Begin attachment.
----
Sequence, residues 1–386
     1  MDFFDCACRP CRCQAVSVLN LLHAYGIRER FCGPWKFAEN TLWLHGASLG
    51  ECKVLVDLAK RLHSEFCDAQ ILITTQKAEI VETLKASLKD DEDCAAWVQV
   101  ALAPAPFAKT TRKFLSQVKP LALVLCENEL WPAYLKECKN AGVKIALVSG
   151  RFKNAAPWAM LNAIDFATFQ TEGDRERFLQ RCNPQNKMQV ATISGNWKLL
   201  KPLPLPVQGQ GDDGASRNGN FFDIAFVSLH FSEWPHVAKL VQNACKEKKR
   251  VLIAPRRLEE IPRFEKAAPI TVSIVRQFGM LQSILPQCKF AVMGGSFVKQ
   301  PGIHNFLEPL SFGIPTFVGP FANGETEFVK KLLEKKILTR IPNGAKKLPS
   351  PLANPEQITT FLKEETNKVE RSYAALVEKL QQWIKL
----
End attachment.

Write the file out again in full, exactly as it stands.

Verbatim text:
Sequence, residues 1–386
     1  MDFFDCACRP CRCQAVSVLN LLHAYGIRER FCGPWKFAEN TLWLHGASLG
    51  ECKVLVDLAK RLHSEFCDAQ ILITTQKAEI VETLKASLKD DEDCAAWVQV
   101  ALAPAPFAKT TRKFLSQVKP LALVLCENEL WPAYLKECKN AGVKIALVSG
   151  RFKNAAPWAM LNAIDFATFQ TEGDRERFLQ RCNPQNKMQV ATISGNWKLL
   201  KPLPLPVQGQ GDDGASRNGN FFDIAFVSLH FSEWPHVAKL VQNACKEKKR
   251  VLIAPRRLEE IPRFEKAAPI TVSIVRQFGM LQSILPQCKF AVMGGSFVKQ
   301  PGIHNFLEPL SFGIPTFVGP FANGETEFVK KLLEKKILTR IPNGAKKLPS
   351  PLANPEQITT FLKEETNKVE RSYAALVEKL QQWIKL